a vector containing each individual's probability of disease. If order.p=TRUE, this is the sorted vector of individual probabilities. 
This function returns the pooling positive and negative predictive values for all individuals even though these measures are diagnostic specific; i.e., PPPV (PNPV) should only be considered for those individuals who have tested positive (negative).
This function was originally written by Michael S. Black for Black et al. (2015). The function was obtained from http://chrisbilder.com/grouptesting. Minor modifications were made to the function for inclusion in the binGroup package.
Black, M., Bilder, C., Tebbs, J. (2015). “Optimal retesting configurations for hierarchical group testing.” Journal of the Royal Statistical Society. Series C: Applied Statistics, 64(4), 693–710. ISSN 14679876, doi: 10.1111/rssc.12097.
Array.Measures
for calculating operating characteristics
under array testing without master pooling,
MasterPool.Array.Measures
for noninformative array
testing with master pooling, and inf.dorf.measures
for informative twostage hierarchical testing. See
p.vec.func
for generating a vector of
individual risk probabilities for informative group testing.
http://chrisbilder.com/grouptesting
Other Operating characteristic functions: Array.Measures
,
MasterPool.Array.Measures
,
inf.dorf.measures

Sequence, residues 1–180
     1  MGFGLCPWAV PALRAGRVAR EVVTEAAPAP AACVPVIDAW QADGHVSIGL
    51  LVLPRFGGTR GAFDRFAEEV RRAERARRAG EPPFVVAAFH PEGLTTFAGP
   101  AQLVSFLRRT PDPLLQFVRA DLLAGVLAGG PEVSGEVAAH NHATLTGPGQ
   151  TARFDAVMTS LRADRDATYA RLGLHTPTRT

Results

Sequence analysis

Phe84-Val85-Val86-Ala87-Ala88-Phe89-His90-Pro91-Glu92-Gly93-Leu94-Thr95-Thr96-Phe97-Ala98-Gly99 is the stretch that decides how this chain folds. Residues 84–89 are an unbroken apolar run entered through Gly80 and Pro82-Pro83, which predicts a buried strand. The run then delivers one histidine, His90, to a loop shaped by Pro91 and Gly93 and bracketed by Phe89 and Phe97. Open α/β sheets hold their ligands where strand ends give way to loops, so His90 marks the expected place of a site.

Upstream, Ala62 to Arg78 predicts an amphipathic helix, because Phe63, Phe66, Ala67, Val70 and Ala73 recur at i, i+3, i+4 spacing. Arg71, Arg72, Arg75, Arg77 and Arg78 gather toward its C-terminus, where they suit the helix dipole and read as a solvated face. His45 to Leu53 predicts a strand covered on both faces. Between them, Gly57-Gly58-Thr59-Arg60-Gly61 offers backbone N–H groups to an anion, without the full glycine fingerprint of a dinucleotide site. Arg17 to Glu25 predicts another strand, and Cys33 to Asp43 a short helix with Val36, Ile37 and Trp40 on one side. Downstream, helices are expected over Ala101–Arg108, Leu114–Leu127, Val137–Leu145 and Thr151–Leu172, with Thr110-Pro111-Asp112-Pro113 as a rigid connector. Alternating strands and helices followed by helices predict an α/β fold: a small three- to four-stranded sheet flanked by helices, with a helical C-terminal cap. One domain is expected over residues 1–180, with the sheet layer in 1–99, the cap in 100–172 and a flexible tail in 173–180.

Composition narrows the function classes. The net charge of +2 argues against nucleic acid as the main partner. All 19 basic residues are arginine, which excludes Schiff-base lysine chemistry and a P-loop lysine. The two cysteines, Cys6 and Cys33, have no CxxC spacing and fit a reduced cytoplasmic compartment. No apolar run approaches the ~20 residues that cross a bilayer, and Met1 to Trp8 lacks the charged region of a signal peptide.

# Calculate the operating characteristics for # noninformative twostage hierarchical testing # with an overall disease prevalence of p = 0.015 # and an initial group size of 12. # This example takes less than 1 second to run. # Estimated running time was calculated using a # computer with 16 GB of RAM and one core of an # Intel i76500U processor. p.vec < rep(x=0.015, times=12) hierarchical.desc2(p=p.vec, I2=NULL, I3=NULL, se=0.95, sp=0.95, order.p=FALSE) # Calculate the operating characteristics for # noninformative threestage hierarchical testing # with an overall disease prevalence of p = 0.04, # where an initial group of 20 individuals is # split into equally sized subgroups of 5 each. # This example takes less than 1 second to run. # Estimated running time was calculated using a # computer with 16 GB of RAM and one core of an # Intel i76500U processor. p.vec < rep(x=0.04, times=20) hierarchical.desc2(p=p.vec, I2=rep(x=5, times=4), I3=NULL, se=0.99, sp=0.99, order.p=FALSE) # Calculate the operating characteristics for # informative threestage hierarchical testing # where an initial group of 10 individuals is # split into subsequent groups of 5, 4, and 1 # individual. # A vector of individual probabilities is generated using # the expected value of order statistics from a beta # distribution with p = 0.02 and a heterogeneity level # of alpha = 0.5. Depending on the specified probability, # alpha level, and overall group size, simulation may # be necessary in order to generate the vector of individual # probabilities. This is done using p.vec.func() and # requires the user to set a seed in order to reproduce # results. # This example takes less than 1 second to run. # Estimated running time was calculated using a # computer with 16 GB of RAM and one core of an # Intel i76500U processor. set.seed(1002) p.vec < p.vec.func(p=0.02, alpha=0.5, grp.sz=10) hierarchical.desc2(p=p.vec, I2=c(5,4,1), I3=NULL, se=0.90, sp=0.90, order.p=TRUE)